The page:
In 498 CE, after rival church factions elected two bishops of Rome -- Symmachus and Lawrence, Theodoric the Great picked Symmachus to assume the papacy, a decision he soon came to regret. There were numerous scandals associated with Pope St. Symmachus (498-515), including rumors of a sexual relationship with a woman known around town as 'Conditaria' (Spice Girl).
from Raymond Davis: The Book of Pontiffs, The Ancient Biographies of the First 90 Roman Bishops to AD 715.
Asked by Fortune Magazine about the political impact of another terrorist attack on U.S. soil, McCain strategist Charlie Black replied: "Certainly it would be a big advantage to him (McCain)."
Obama's spokesman Bill Burton sharply criticized Black's response: "The fact that John McCain's top adviser says that a terrorist attack on American soil would be a 'big advantage' for their political campaign is a complete disgrace, and is exactly the kind of politics that needs to change."
Yeah, the health of our political system rests on the ability of campaign aides to dodge gotcha questions from reporters and take false umbrage when their opponents slip up and tell the truth.
This is the front page of the redesigned Orlando Sentinel. It looks just like the management company newsletter at my office building.
I hit the Sentinel's website and scanned a few articles. The stories are so brief you could almost pick up as much information watching cable newscrawl.
The Sentinel is owned by the Tribune Company, which is drastically overhauling its newspaper business under new owner Sam Zell. With readership and revenue way down, we will continue to see some interesting things from the papers that survive.
Chris Kanan (UCSD) has developed an online version of a dual N-back game aimed at increasing fluid intelligence by increasing working memory and attentional capacities. Whether fluid intelligence can actually be improved is a hot topic with tremendous implications. But beyond the possibility of increasing fluid intelligence, the idea of assessing and targeting specific cognitive bottlenecks is a fascinating subject with real life implications for many people suffering cognitive impairments (See, for example, work being done by Michael Merzenich at UCSF).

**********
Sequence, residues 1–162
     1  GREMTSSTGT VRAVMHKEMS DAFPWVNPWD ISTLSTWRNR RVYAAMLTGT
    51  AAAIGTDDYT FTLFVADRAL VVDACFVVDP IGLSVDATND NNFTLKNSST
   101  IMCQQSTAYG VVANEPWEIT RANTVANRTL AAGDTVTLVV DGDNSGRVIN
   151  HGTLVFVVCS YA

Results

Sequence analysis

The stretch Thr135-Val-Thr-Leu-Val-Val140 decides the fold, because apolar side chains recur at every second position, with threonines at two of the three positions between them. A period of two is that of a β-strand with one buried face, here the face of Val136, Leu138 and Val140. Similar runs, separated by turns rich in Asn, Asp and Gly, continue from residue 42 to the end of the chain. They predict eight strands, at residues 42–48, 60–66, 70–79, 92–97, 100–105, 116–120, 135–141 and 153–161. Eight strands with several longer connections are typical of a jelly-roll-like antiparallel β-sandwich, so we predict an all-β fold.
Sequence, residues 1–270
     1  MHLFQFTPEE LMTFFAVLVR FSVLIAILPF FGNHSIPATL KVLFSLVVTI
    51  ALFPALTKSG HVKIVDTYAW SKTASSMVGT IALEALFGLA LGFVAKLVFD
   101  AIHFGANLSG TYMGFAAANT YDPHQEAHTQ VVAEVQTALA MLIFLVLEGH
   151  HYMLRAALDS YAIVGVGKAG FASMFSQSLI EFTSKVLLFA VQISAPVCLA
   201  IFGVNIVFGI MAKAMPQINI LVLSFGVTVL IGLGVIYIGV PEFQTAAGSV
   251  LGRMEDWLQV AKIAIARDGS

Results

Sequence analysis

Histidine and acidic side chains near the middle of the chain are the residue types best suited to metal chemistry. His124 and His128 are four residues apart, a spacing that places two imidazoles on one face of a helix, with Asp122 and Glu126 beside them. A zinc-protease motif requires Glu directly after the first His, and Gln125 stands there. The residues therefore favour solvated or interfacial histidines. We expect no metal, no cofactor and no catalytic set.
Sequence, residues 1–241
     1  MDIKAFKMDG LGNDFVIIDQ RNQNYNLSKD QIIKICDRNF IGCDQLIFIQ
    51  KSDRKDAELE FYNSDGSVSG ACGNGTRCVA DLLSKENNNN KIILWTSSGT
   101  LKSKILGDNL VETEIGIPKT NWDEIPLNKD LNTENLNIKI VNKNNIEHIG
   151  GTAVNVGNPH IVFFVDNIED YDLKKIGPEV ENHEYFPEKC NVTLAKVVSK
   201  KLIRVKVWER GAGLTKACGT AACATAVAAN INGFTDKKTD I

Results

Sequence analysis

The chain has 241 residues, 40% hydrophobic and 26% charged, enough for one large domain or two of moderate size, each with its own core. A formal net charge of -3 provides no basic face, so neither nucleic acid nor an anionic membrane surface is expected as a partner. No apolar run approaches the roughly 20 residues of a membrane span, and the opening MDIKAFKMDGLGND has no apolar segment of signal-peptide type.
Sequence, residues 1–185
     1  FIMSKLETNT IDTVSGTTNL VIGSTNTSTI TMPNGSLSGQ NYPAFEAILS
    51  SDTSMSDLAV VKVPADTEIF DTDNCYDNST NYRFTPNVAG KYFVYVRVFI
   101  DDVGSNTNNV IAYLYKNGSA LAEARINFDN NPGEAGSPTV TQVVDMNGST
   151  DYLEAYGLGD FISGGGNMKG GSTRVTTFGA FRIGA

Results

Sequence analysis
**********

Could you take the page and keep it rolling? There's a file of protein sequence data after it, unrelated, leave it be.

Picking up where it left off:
I'm familiar with some of the issues and questions, but far from well-versed in the subject. Rather than present a discussion of the issues, something others are much better prepared to do, I'll just link you over to Chris's online memory and attention training task. Be sure to read the instructions carefully and give it a try. It's challenging and fun. The idea is to work at it over time and progress to higher levels.
The Washington Post reports on a recent study linking bumper stickers and road rage. The authors of the study speculate that bumper stickers are territorial markers and that aggressive driving and road rage are "confused" expressions of territorial defense. Here is the abstract from that study:
Territorial Markings as a Predictor of Driver Aggression and Road Rage
Journal of Applied Social Psychology, Vol 38 (6) p1664-1688, June 2008
William J. Szlemko, Jacob A. Benfield, Paul A. Bell, Jerry L. Deffenbacher, Lucy Troup
Aggressive driving has received substantial media coverage during the past decade. We report 3 studies testing a territorial explanation of aggressive driving. Altman (1975) described attachment to, personalization of, and defense of primary territories (e.g., home) as being greater than for public territories (e.g., sunbathing spot on a beach). Aggressive driving may occur when social norms for defending a primary territory (i.e., one's automobile) become confused with less aggressive norms for defending a public territory (i.e., the road). Both number of territory markers (e.g., bumper stickers, decals) and attachment to the vehicle were significant predictors of aggressive driving. Mere presence of a territory marker predicts increased use of the vehicle to express anger and decreased use of adaptive/constructive expressions.